Inverness, Scotland


Tree: Eby/Aebi and Bernethy Family
Notes: Inverness (Scottish Gaelic) Inbhir Nis is a city[2] in northern Scotland. The city is the administrative centre for the Highland council area,[3] and it is promoted as the capital of the Highlands of Scotland.[4] Inverness is unusual in that although there are letters patent, dating from 2001, the city has no statutory boundaries. Tourism is important to the city's economy, as are service industries and healthcare.[citation needed]

The city lies where the River Ness enters the Moray Firth and is a natural hub for various transport links. A settlement was established by sixth century AD, the first royal charter being granted in the thirteenth century. It lies near the site of the eighteenth century Battle of Culloden.

Inverness has a population of 66,600 and is represented in both the Holyrood and Westminster parliaments and is also twinned with three other European cities. The city is home to numerous sporting and cultural groups and events, including the annual Highland Games and football club Inverness Caledonian Thistle F.C., who play in the Scottish Premier League as well as Clachnacuddin F.C. who play in the Highland League. Inverness College is the hub campus for the UHI Millennium Institute. City status was granted in 2001.

Scottish Gaelic appears on the majority of road signs around Inverness, with around 3,555 people (5.47% of the population) speaking the language.

City/Town : Latitude: 57.476695, Longitude: -4.231453

Tree: King of Scots
Notes: Inverness-shire also known as the county of Inverness, or Siorrachd Inbhir Nis in Gaelic, was a general purpose county of Scotland, with the burgh of Inverness as the county town, until 1975, when, under the Local Government (Scotland) Act 1973, the county area was divided for local government purposes between the two-tier Highland region (Inverness, Badenoch and Strathspey, Lochaber, and Skye and Lochalsh districts) and the unitary Western Isles. The county survived for registration purposes and, at the same time, the Inverness lieutenancy was defined as having the boundaries of the Highland districts of Inverness, Badenoch and Strathspey, and Lochaber.

Inverness-shire acquired a county council in 1890, under the Local Government (Scotland) Act 1889, and, under the same legislation, boundaries were altered to make the county a single contiguous area (except, of course, for island areas of the county).

Although the new boundaries were supposed to be valid for all purposes (unlike earlier boundaries, which were really default boundaries and not necessarily those used for any particular purpose), the burgh of Inverness, the burgh of Fort William, and the burgh of Kingussie, which had their own town councils, retained autonomous status and were generally beyond the writ of the new county council. The town of Inverness had been established as a royal burgh since the mid 12th century, Fort William, originally with the name Gordonsburgh, had been established as a burgh of barony since 1618, and Kingussie had been established as a burgh of barony since 1464. Also, use of the new boundaries for parliamentary elections was specifically excluded.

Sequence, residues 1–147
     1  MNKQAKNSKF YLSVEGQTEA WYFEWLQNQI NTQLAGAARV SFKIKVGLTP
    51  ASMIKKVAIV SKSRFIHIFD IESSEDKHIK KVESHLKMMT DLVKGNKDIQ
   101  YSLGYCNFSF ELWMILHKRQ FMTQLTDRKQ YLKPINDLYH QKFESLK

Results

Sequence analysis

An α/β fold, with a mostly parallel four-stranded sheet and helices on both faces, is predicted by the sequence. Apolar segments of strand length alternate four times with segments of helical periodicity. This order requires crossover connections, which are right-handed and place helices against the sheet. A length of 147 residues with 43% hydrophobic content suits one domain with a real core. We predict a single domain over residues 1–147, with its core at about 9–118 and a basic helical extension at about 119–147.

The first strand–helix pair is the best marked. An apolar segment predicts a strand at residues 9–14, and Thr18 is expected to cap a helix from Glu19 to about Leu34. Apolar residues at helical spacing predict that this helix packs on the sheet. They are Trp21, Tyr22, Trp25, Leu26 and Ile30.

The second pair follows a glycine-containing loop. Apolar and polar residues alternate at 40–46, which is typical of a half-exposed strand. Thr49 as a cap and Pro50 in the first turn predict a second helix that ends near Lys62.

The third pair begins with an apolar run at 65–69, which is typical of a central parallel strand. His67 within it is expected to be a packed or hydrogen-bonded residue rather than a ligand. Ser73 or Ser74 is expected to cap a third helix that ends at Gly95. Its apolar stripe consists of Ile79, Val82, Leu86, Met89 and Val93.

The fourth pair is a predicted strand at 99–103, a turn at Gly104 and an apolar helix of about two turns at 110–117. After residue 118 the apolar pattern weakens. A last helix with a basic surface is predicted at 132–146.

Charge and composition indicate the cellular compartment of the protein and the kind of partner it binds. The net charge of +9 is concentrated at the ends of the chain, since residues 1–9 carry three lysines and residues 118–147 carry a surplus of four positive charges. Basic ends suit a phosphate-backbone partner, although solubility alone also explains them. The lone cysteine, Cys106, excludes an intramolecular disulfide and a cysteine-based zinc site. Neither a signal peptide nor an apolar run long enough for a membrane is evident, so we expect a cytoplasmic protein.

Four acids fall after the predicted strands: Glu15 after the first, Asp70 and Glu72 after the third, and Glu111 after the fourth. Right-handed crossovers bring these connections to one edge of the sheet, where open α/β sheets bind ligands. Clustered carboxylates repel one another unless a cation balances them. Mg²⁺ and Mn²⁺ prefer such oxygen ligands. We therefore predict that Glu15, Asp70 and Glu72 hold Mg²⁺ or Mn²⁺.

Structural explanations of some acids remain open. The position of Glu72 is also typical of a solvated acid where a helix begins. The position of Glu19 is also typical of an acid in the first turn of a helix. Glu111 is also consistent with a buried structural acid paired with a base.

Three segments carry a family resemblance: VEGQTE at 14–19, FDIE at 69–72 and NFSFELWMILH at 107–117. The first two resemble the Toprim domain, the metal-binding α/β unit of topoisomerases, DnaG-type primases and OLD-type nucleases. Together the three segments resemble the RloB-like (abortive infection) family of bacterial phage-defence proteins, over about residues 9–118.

The Boundary Commissioners for Scotland, a body created by the 1889 act, transferred part of the parish of Cawder and part of the parish of Croy and Dalcross from the county of Inverness to the county of Nairn, part of the parish of Petty and two parts of the parish of Daviot and Dunlichty from the parish county of Nairn to the county of Inverness, part of the parish of Kilmallie and part of the parish of Small Isles from the county of Argyll to the county of Inverness, and part of the parish of Kilmorack from the county of Inverness to the county of Ross and Cromarty. Thus the county of Inverness covered a large mainland area and various island areas off the west coast. The mainland area had coastline in both the east and the west and included the towns of Kingussie, Fort William, and Mallaig. The island areas included North Uist, South Uist, and Harris in the Outer Hebrides, and Skye, and the Small Isles in the Inner Hebrides. The county had neighbouring counties as follow: Ross and Cromarty to the north, Nairn, Moray, Banff, and Aberdeen to the east, and Perth, and Argyll to the south.

In 1972, the Isle of Rockall Act was passed, formally incorporating the tiny island of Rockall into Scotland as part of the Isle of Harris, Inverness-shire. Harris is now within Na h-Eileanan Siar, formerly known as the Western Isles local government area.

City/Town : Latitude: 57.4766949, Longitude: -4.2314535


Matches 1 to 3 of 3

   Last Name, Given Name(s)    Birth    Person ID   Tree 
1 McGillivray, Donald Roy  1741Inverness, Scotland I618058877 Eby/Aebi and Bernethy Family  
2 McGillivray, Farquhar  26 May 1769Inverness, Scotland I618071325 Eby/Aebi and Bernethy Family  
3 Mcgillivray, John  01 May 1771Inverness, Scotland I618071326 Eby/Aebi and Bernethy Family  


Matches 1 to 3 of 3

   Last Name, Given Name(s)    Died    Person ID   Tree 
1 McGillivray, Ann  05 Feb 1834Inverness, Scotland I618071327 Eby/Aebi and Bernethy Family  
2 McGillivray, John Lachan  06 Feb 1852Inverness, Scotland I618058866 Eby/Aebi and Bernethy Family  
3 McKintosh, Janet  1878Inverness, Scotland I616966055 Eby/Aebi and Bernethy Family  


Matches 1 to 1 of 1

   Family    Married    Family ID   Tree 
1 McGillivray / McTavish  26 Jan 1764Inverness, Scotland F547123881 Eby/Aebi and Bernethy Family  
Home Page |  What's New |  Most Wanted |  Surnames |  Photos |  Histories |  Documents |  Cemeteries |  Places |  Dates |  Reports |  Sources